Sunday, July 20, 2014

D.C. politics come to Little Rock — GOP demands loyalty

Posted By on Sun, Jul 20, 2014 at 7:54 AM

FIE ON BIPARTISAN LEADERSHIP: Sen. Bryan Kins wants none of it.
  • FIE ON BIPARTISAN LEADERSHIP: Sen. Bryan Kins wants none of it.
More evidence still that fiercely partisan D.C.-style politics will be the order of the day if the Republican Party enhances its control of Arkansas political offices.

The Arkansas Republican Party adopted a platform yesterday. The day's event included  adoption of proposal by Sen. Bryan King — one of the most overtly partisan and bullying members of the legislature — to say that, as a matter of party dogma, House and Senate Republican caucuses should determine the Republican nominee for House speaker and Senate president pro tem. The resolution further said, according to Michael Wickline's account in the Democrat-Gazette,  that each caucus should unanimously support the nominee of the caucus. (This was a resolution, not a platform plank at the headline originally said.)

In other words: Bipartisanship not allowed. Deviation fro dogma unacceptable. Alliance with Democrats prohibited.

The most recent prompt for this was the Republican-Democratic coalition that chose Davy Carter as House speaker over Rep. Terry Rice, who'd expected to rise to the position. Republicans in the Senate years ago once splintered, too, to give Senate leadership to a conservative Democrat rather than allow Republican Dave Bisbee to  assume chamber leadership on seniority, as had been the custom.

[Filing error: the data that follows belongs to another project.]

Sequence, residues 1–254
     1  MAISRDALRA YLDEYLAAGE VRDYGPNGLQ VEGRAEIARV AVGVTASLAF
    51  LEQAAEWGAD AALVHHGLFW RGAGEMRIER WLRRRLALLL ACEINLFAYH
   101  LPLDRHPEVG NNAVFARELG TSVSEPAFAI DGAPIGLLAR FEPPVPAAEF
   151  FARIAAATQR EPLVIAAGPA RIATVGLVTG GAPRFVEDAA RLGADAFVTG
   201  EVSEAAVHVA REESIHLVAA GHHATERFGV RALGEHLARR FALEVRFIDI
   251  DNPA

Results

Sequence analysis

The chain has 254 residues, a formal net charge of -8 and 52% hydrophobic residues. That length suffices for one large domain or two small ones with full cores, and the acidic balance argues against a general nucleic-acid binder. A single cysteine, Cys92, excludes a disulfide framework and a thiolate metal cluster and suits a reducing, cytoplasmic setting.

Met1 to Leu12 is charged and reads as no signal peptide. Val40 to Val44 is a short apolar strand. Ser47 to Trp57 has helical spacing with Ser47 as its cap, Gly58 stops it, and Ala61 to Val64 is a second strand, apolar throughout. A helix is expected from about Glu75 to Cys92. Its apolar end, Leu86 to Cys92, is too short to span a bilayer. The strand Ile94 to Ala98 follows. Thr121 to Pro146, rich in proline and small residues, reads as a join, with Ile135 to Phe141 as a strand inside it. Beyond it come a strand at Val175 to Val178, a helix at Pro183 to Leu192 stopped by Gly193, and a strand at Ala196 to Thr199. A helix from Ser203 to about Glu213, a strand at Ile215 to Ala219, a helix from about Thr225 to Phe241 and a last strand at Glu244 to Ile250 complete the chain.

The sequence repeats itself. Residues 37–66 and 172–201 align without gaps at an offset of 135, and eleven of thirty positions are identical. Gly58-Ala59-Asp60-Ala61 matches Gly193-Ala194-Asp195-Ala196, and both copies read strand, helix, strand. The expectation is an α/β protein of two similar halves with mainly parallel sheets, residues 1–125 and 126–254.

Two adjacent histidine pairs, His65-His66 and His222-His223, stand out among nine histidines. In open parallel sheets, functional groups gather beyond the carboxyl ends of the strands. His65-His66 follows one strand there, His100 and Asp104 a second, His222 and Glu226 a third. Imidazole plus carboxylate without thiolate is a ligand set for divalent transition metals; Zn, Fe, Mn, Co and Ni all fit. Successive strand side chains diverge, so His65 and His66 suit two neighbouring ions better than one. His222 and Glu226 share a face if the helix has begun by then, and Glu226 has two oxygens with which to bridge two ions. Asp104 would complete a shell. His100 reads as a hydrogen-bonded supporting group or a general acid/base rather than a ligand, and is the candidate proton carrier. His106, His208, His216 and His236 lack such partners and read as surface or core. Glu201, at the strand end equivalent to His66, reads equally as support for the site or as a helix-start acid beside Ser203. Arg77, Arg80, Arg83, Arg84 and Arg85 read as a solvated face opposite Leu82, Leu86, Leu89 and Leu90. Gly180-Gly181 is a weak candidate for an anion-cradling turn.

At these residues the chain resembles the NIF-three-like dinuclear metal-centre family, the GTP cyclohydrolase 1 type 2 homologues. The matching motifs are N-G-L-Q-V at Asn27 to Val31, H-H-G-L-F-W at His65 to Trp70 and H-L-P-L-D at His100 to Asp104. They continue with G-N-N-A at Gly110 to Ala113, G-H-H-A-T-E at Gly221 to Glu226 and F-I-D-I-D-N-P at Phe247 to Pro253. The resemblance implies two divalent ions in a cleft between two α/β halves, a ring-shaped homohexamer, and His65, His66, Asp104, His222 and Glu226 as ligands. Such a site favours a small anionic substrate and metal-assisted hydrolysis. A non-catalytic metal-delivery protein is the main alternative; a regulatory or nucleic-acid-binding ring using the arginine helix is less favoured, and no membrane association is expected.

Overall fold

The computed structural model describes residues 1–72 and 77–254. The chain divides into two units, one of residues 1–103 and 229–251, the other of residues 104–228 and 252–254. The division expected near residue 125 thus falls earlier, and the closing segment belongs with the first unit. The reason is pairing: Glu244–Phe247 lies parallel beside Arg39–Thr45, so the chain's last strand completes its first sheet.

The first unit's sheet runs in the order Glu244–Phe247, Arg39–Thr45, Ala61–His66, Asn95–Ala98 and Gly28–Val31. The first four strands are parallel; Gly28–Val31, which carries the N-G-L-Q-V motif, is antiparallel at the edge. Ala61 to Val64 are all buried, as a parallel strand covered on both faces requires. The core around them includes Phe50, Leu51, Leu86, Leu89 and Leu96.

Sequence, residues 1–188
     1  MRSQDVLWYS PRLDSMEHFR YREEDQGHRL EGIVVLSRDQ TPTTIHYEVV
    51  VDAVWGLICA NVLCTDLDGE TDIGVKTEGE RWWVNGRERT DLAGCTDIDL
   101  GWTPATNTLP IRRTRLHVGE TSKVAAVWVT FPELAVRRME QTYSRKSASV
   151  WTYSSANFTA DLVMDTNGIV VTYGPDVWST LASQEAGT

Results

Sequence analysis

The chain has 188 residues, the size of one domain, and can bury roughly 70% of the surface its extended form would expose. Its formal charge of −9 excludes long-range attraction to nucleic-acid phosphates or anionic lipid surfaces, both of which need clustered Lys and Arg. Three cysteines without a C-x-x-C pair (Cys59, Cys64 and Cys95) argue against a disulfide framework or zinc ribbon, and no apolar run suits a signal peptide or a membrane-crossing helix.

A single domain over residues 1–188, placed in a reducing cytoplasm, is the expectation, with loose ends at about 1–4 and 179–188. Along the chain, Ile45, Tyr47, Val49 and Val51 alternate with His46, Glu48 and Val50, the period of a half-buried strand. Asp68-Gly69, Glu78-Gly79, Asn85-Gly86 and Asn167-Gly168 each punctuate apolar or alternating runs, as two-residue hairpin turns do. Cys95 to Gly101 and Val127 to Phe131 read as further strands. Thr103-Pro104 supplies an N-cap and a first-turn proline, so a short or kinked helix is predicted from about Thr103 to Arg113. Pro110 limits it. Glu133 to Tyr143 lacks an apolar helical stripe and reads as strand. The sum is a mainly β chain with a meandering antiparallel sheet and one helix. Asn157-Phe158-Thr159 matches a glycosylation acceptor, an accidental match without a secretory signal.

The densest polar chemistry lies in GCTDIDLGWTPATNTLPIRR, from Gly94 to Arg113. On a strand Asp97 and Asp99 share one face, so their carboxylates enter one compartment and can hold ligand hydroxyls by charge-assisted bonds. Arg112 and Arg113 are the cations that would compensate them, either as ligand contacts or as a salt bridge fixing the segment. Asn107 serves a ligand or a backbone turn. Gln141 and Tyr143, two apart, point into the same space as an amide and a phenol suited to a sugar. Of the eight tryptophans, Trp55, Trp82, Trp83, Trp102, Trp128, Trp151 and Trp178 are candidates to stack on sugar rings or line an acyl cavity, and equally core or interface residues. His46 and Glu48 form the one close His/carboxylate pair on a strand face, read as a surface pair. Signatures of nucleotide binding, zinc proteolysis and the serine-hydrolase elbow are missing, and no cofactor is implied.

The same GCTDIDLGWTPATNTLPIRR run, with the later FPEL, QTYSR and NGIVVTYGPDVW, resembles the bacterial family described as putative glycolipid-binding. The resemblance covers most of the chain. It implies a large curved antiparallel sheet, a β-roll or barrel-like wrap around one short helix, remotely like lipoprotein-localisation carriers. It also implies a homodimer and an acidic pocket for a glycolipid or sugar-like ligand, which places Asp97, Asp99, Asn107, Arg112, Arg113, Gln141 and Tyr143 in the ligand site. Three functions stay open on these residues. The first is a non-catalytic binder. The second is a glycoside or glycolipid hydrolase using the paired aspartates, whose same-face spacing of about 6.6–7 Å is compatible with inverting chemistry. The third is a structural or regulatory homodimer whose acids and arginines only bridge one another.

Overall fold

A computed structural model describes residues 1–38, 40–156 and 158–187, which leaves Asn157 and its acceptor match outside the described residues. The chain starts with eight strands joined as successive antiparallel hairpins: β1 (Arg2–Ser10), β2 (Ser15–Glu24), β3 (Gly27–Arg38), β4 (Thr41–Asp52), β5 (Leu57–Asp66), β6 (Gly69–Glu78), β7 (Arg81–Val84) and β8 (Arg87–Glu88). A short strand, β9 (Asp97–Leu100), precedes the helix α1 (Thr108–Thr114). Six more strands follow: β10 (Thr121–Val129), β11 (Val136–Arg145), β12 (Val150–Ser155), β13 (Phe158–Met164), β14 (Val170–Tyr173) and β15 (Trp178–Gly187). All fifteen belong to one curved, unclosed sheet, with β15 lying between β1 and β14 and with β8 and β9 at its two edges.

Until rules are changed to prevent secret ballot voting on leadership, the resolution will be hard to enforce. But just give bullies like Bryan King time. Another leader like Carter — willing to depart on occasion from party dogma and form bipartisan coalitions — and they'll resolve to correct that shortcoming, too. It takes little speculation to understand that the partisans like Bryan King expect legislative votes to be cast in lockstep with party dictates, too, not just leadership votes.

Republicans, by the way, still expressed a desire to get rid of Obamacare. Coverage of the platform was silent, however, on the private option version of Obamacare's Medicaid expansion passed in Arkansas with majority support of the Republican legislative caucus.  We do know what Bryan King would do to it, given the chance. In 2015, he'll get his opportunity. And, to his way of thinking, Republican votes should be unanimous, according to caucus wishes, after the John Boehner model for gridlock.

This is another reminder of why Republican Stacy Hurst's promise to be a moderate candidate if elected to a traditionally Democratic House seat from Little Rock should be viewed skeptically. Moderation in pursuit of legislative policy is rejected by the unanimous resolution of the Republican Party of Arkansas. You'll vote as the majority of the GOP caucus decrees or else.